The Royal Ballet: Standing up to Ashton

Posted: March 1st, 2013 | Author: | Filed under: Performance | Tags: , , , , , , , , , , , , , , , , | Comments Off on The Royal Ballet: Standing up to Ashton

The Royal Ballet, La Valse, ‘Meditation’ from Thais, Voices of Spring, Monotones I and II, Marguerite and Armand: Royal Opera House, February 13

The beauty of line in Sir Frederick Ashton’s ballets is one of the defining characteristics of his work, even if the steps can be excruciatingly complex. What goes on in the feet is one thing, but in The Royal Ballet’s evening of six works by Ashton, there is ample opportunity — particularly in Monotones I and II — to see the lines of the body beautifully expressed with grace and precision. Unfortunately those qualities were not always in evidence the night I went, though the stretch body suits may have had something to do with it, deforming rather than streamlining the natural joints of the body. The real problem lies elsewhere, however.

Geraldine Morris, in her book, Frederick Ashton’s Ballets: Style, Performance, Choreography, spends some time discussing the ballet training Ashton would have received, particularly the Cecchetti system that was the basis of his technique. She quotes Cecchetti scholar, Toby Bennett: ‘Cecchetti-trained dancers not only have strength and flexibility in the torso, they also have an appreciation of the subtle rhythmic variations between different steps, coupled with a profound understanding of épaulement.’ Épaulement is not an intellectual concept that needs profound understanding; its profundity is in its manifestation in the body: it is as fundamental to classical form as the double helix is to the structure of DNA. In ballets like Monotones I and II, dancers who do not have ‘a profound understanding of épaulement’ — or who sacrifice it to flexibility — will not be able to maintain the purity of line Ashton’s choreography demands. Romany Pajdak possibly had an off night, but her difficulty in maintaining equilibrium in certain passages of Monotones I may have had its source in a failure to implement Ashton’s — and Cecchetti’s — indispensable ingredient. Mark Monahan in his discussion of Ashton in the evening’s program describes épaulement as ‘that irresistibly feminine angling of the head and shoulders.’ It is not; he is mistaking the flower for the stem.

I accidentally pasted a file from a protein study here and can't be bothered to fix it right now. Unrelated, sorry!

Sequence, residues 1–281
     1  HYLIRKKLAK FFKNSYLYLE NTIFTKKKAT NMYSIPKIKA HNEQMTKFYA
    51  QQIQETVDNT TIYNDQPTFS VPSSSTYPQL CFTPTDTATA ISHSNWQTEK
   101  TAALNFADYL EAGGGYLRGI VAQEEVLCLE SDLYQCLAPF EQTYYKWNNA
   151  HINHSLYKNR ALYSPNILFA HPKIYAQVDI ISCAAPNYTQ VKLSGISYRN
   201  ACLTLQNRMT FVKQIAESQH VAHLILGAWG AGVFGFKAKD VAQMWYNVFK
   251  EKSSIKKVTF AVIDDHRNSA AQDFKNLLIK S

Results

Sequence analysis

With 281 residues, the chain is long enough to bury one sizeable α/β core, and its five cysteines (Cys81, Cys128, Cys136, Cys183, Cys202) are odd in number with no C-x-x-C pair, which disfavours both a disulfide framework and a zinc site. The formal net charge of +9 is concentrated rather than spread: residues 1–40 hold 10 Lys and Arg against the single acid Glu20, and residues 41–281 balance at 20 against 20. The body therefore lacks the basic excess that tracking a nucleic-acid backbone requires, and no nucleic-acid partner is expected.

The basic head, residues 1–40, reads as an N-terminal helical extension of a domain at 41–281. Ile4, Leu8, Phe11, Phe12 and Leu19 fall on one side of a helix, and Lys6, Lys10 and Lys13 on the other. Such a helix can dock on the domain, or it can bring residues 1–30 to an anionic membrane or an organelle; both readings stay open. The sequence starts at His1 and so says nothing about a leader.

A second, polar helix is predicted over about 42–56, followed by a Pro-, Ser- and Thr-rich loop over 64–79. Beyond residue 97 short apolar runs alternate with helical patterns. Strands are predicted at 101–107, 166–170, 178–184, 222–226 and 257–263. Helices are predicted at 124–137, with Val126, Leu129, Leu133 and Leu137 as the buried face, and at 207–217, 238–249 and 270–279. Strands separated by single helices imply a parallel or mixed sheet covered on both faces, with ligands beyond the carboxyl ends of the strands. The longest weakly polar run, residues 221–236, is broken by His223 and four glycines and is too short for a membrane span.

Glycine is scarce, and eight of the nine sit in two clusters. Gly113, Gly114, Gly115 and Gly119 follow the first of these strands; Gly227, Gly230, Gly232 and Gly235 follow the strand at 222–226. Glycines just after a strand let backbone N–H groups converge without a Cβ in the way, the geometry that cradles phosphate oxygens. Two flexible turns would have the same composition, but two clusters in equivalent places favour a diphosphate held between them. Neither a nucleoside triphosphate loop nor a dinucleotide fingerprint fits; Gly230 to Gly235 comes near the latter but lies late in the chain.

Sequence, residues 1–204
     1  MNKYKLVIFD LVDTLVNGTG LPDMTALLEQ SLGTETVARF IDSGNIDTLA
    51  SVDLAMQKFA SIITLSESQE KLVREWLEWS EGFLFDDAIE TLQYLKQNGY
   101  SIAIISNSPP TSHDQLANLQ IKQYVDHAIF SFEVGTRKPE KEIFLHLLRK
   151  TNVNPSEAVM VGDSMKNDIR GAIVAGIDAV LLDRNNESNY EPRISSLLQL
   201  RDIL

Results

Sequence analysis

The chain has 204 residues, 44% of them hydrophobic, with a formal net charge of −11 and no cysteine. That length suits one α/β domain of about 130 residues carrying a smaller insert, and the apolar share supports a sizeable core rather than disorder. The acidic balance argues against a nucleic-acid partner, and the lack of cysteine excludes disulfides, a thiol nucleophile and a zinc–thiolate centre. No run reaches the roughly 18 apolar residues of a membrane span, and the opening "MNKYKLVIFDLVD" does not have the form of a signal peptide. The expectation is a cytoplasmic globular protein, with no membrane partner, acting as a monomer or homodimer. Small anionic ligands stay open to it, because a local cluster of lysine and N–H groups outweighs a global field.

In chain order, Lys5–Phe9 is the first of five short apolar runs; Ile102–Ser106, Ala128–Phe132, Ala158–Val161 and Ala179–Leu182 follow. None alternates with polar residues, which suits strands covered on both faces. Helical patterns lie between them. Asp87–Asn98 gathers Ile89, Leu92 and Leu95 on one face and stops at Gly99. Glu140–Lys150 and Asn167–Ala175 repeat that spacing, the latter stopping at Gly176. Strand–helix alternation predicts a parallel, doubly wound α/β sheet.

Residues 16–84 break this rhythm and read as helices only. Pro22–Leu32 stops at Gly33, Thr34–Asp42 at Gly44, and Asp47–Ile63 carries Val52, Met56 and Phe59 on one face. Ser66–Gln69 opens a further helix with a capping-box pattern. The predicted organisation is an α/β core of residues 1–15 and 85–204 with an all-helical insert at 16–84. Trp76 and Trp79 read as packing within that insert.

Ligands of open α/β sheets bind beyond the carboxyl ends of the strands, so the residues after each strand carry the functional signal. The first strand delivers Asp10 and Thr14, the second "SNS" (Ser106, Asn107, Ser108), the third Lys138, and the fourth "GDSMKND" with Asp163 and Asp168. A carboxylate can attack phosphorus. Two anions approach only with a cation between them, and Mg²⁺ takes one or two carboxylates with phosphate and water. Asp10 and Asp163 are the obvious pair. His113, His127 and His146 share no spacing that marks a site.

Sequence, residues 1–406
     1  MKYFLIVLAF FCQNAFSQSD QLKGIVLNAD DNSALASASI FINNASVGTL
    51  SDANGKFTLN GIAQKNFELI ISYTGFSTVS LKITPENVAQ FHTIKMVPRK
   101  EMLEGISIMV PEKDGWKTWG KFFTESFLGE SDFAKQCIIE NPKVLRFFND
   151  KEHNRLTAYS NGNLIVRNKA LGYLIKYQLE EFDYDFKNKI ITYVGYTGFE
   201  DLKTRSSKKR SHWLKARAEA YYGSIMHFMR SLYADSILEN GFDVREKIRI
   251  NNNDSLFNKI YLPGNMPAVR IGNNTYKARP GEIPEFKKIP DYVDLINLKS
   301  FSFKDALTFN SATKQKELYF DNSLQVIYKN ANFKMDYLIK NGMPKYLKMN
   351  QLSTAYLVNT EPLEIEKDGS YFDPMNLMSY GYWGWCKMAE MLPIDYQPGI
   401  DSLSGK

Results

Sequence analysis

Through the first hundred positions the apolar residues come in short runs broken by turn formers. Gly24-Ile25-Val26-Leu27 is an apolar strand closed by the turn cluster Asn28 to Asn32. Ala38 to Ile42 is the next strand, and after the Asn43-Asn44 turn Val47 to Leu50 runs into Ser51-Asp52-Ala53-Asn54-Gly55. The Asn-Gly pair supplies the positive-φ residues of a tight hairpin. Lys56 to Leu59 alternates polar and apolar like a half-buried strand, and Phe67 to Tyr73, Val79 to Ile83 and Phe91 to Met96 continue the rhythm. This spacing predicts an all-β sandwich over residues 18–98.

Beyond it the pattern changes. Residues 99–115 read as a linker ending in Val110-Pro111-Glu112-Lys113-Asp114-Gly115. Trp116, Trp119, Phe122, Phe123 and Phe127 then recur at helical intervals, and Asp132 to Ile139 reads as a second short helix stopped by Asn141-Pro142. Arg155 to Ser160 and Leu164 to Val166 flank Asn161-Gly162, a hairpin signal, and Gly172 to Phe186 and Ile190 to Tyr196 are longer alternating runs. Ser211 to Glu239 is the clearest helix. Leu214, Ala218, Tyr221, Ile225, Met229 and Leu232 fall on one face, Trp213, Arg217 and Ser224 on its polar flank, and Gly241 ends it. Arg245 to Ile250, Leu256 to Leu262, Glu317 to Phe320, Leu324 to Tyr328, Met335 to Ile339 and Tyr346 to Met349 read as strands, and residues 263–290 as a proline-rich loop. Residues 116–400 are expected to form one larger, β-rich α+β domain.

A few pages further on in her book, Morris discusses the differences she sees in the way Ashton’s original casts performed his works compared with today’s. ‘What stands out is the speed at which the dances are performed. Today’s slightly slower tempo gives rise to an alteration of the choreography. While the steps are ostensibly the same, their appearance is not. What is lost is the sense of dancing. The poses, moments of stillness and turnout are emphasized in the later version but the sense of motion is absent and the dances are seen more as a set of links between positions.’ I cannot agree or disagree with Morris as I have not seen footage of the original casts, and she is not necessarily referring to any of the ballets on this evening’s bill, but her comparison turned a light on my own reaction to the evening’s middle section, which included ‘Meditation’ from Thais, Voices of Spring, as well as Monotones I and II. In ‘Meditation’ from Thais, Sarah Lamb and Rupert Pennefather had a rather bloodless quality that put precision ahead of expression, shape ahead of form, position ahead of flow. The juice remained in the music under the direction of Emmanuel Plasson with concert master Vasko Vassilev playing the violin solo. The highlight of this middle section, however, was seeing Alexander Campbell and Yuhui Choe in Voices of Spring. With their sensitivity, exuberance and evident joy in dancing together, they were as close to spring as one could wish at this time of year.

The evening opened with La Valse and closed with Marguerite and Armand. After Ashton had choreographed the latter on Margot Fonteyn and Rudolph Nureyev, it remained, as David Vaughan writes in the program, the ‘exclusive property of Fonteyn and Nureyev for many years.’ It is a flawed ballet that can only be saved from a whimpering melodrama by the passionate interpretation and charisma of its two protagonists. But the sparks were simply not flying between Zenaida Yanowski and Federico Bonelli, if there were sparks at all. It is not a ballet in which there can be any notion of pretense. Bonelli’s passion needs unlocking so that Yanowski has a chance to spar. I wanted to shout out to him, Embrace her as if you really love her! Compare the photographs in the program: Bonelli and Yanowski are beautifully captured by Tristram Kenton, with foreheads passionately furrowed, but then look at the photograph by Anthony Crickmay of Fonteyn and Nureyev in rehearsal and you see a world in which the entire body explodes in passion. Marguerite and Armand — and its creator — demand no less.